The Enid News and Eagle, Enid, OK


January 26, 2014

Blanton is living up to family name

ENID, Okla. — Being the youngest of four children is not always easy.

Deer Creek-Lamont’s Jessica Blanton, who was preceded by sister Janise and brothers Luke and Jacob in DCLA circles, always sees the positives about being the “little sister.’’

“They pestered me a lot, but they made me the player that I am today,’’ said Blanton, who scored 15 points in DCLA’s 41-35 win over Kremlin-Hillsdale in the girls consolation finals of the Cherokee Strip Conference Tournament at the Chisholm Trail Expo Center on Saturday.

Her siblings always kidded her that she wouldn’t be as good as they were.

She is getting the last laugh so far.

Janise was a standout in basketball, but her teams never went further than the area tournament.

Younger sis Jessica has already been to state twice and she has two more chances.

“That’s why I made it to where I am,’’ Blanton said kiddingly. “I wanted to show them.’’

Janise, who is six years older, was an inspiration to her.

“She was good,’’ Blanton said. “She was always there to help me.’’

Blanton already is meriting attention statewide. One publication put her among the state’s top 50 girls, even though she was just a junior.

“That’s very cool,’’ she said. ”It made me want to play a lot better, so I can be in the top 10 the next time. It motivates me.’’

The notoriety has earned her respect among opponents. Blanton, known for both her three-point shooting and penetrating to the basket, is seeing box-and-one defenses designed to slow her down.

“That’s the hardest thing about being a three-point shooter,’’ she said. “There’s a girl in your face all of the time.’’

She has learned to live with it.

“I think I’ve handled it OK,’’ Blanton said. “You just work with what you have. My teammates are pretty good.’’

Blanton hit three treys against Kremlin-Hillsdale, but teammate Katherine Muegge took pressure off of her by hitting three treys in the second half as the Lady Eagles came back from a 19-14 halftime deficit.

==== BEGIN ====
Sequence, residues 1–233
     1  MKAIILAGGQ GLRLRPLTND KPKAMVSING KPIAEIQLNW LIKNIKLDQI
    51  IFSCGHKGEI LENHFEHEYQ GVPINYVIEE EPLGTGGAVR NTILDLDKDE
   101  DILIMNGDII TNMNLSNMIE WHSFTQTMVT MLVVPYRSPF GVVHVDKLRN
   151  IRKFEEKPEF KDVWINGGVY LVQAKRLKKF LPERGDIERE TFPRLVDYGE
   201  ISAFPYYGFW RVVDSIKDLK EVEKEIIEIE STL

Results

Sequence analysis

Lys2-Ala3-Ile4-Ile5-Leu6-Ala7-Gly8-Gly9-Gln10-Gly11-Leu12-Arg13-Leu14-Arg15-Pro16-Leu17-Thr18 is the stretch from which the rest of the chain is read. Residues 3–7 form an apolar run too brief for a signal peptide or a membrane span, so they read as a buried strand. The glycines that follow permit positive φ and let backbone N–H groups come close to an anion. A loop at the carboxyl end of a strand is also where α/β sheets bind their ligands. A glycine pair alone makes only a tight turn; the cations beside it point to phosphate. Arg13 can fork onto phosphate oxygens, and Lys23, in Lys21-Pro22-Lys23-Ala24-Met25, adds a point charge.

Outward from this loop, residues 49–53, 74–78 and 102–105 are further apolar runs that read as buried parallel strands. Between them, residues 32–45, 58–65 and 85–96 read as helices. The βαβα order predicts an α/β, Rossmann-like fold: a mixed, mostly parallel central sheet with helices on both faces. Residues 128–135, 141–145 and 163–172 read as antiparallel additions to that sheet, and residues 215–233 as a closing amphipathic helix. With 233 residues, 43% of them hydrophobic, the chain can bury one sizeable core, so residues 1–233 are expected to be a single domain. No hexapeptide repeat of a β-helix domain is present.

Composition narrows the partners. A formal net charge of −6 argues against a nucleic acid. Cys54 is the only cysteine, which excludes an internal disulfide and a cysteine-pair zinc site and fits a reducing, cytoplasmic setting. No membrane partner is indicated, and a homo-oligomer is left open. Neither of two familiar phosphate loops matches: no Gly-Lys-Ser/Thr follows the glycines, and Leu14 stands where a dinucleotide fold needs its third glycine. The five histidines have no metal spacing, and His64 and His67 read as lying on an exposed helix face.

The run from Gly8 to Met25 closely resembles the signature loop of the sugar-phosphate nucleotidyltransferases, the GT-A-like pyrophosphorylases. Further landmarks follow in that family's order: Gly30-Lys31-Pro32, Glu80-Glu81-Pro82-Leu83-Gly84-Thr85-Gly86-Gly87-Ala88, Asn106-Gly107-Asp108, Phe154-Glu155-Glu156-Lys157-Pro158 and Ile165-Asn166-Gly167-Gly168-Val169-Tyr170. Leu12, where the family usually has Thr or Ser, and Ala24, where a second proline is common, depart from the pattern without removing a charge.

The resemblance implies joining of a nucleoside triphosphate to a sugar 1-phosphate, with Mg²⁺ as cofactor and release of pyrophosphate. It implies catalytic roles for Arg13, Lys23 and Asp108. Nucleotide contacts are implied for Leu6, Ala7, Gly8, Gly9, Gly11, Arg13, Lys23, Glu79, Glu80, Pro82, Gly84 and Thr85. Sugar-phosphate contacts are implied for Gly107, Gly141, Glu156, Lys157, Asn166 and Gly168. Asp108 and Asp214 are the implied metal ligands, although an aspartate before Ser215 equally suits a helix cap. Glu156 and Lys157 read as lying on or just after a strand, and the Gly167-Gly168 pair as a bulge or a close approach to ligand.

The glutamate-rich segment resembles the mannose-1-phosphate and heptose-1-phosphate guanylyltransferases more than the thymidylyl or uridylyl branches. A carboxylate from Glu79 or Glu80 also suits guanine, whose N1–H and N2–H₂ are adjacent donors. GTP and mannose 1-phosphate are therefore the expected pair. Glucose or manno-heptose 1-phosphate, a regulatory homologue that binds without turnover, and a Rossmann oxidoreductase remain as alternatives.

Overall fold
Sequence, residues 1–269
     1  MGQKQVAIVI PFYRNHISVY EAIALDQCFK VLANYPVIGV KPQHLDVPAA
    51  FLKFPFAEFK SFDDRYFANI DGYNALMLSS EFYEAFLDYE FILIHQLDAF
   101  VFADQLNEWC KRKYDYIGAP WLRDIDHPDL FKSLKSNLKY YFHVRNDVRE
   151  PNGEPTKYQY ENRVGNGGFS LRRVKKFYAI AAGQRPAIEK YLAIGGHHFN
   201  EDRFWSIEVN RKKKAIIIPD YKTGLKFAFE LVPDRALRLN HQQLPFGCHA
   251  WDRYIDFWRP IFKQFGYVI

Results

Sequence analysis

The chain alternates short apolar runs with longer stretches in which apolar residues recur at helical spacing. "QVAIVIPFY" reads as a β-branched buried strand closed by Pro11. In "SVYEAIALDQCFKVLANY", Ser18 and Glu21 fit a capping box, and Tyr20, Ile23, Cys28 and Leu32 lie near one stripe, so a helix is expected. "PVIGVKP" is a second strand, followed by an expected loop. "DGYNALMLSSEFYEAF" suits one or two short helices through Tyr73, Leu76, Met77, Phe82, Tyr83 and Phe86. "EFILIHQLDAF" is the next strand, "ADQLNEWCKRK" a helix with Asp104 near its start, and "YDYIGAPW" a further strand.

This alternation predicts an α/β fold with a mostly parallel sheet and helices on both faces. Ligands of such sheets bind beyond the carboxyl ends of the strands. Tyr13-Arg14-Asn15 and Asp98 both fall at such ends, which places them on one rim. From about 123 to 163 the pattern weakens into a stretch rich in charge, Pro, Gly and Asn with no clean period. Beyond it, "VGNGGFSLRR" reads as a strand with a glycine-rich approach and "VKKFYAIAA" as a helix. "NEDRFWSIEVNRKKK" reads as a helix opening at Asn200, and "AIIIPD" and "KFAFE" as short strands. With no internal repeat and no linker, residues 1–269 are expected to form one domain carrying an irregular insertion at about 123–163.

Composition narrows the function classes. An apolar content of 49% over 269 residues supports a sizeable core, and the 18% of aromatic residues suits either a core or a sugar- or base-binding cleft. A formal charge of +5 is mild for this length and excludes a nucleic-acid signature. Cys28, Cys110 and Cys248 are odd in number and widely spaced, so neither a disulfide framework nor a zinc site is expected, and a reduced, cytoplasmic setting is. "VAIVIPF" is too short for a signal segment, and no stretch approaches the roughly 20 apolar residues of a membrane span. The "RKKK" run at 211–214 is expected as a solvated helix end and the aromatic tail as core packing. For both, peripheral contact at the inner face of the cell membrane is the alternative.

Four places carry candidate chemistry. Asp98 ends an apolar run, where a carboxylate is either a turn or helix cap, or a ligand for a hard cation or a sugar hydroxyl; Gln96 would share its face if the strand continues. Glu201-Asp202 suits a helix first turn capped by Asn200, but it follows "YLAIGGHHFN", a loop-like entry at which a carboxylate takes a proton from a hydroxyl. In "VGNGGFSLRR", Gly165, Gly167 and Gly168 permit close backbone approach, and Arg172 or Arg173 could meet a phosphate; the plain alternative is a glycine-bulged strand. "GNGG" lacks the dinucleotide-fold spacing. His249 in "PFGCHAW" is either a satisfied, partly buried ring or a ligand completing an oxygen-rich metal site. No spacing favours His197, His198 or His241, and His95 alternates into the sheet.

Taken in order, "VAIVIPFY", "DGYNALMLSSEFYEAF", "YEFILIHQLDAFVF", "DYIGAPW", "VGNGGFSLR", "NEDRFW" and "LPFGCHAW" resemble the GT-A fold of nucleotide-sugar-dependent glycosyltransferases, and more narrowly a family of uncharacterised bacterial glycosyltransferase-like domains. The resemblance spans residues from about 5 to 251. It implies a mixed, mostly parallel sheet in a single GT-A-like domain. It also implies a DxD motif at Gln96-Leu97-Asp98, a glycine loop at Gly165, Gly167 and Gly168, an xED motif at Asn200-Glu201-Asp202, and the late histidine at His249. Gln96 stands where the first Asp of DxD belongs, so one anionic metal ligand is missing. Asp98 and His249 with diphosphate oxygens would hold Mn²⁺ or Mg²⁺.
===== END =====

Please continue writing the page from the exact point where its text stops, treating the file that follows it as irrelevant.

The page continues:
“I’m glad we came together as a team and won it,’’ Blanton said. “I could have hit more shots, but I didn’t.’’

Blanton faced further challenges Thursday when she and her teammates had to go against their former coach, Chad Hutchison of Cherokee for the first time.

“That was hard,’’ she said. “He knew that we were going to go hard no matter what. We wanted to beat him and his team.’’

However, Cherokee denied the Lady Eagles a possible second straight conference tournament title 43-39.

“It felt funny,’’ Blanton said about going against her former coach. “But I tried to take it just like another game.’’

Blanton is adjusting to new coach Jim Lewis. The Lady Eagles are 10-6. They won the recent Mulhall-Orlando Tournament.

“They’re both just a little different,’’ Blanton said.

Blanton set two goals for herself this season — to average 15 points and return to the state tournament. She is averaging 13.8 points over the last five games and still is hopeful of another trip to Oklahoma City for state.

“It’s fun to play there,’’ she said. “I’m hungrier now. I think we have a chance to make it if we played like we did in the third and fourth quarters today.’’

Blanton is well-acquainted with the Coliseum with this being her third conference tournament. She had 16 points in a 61-57 upset of Lomega in last year’s finals and had 25 against Ringwood in her first-ever game there as a freshman.

“It’s a tough place to shoot, a lot harder than most,’’ Blanton said, “but sometimes I can get in a zone here.’’

Blanton is a versatile athlete. She was fourth in the state cross country meet last fall and is a breakaway roper on the rodeo circuit, a rarity among girls.

“The whole family does it,’’ she said.

Another family debate, too.

“I might be better than what Janise was,’’ she said with a smile.

Rodeo was a natural since she has grown up on a horse farm. She said basketball is much more physical.

“I’ve never been hurt in rodeo,’’ she said. “I never have a fear of injury.’’

The quiet Blanton lives for the moment.

“I really don’t know what I’m going to do in the future,’’ she said. “I’m just a junior. I have plenty of time left.’’

Which Lewis is grateful for.

“She’s a good kid who works hard,’’ he said. “We have a bunch of good kids here. I wouldn’t trade the DCLA kids for anybody. They get the best out of their ability.’’

Campbell is a News & Eagle sports writer.

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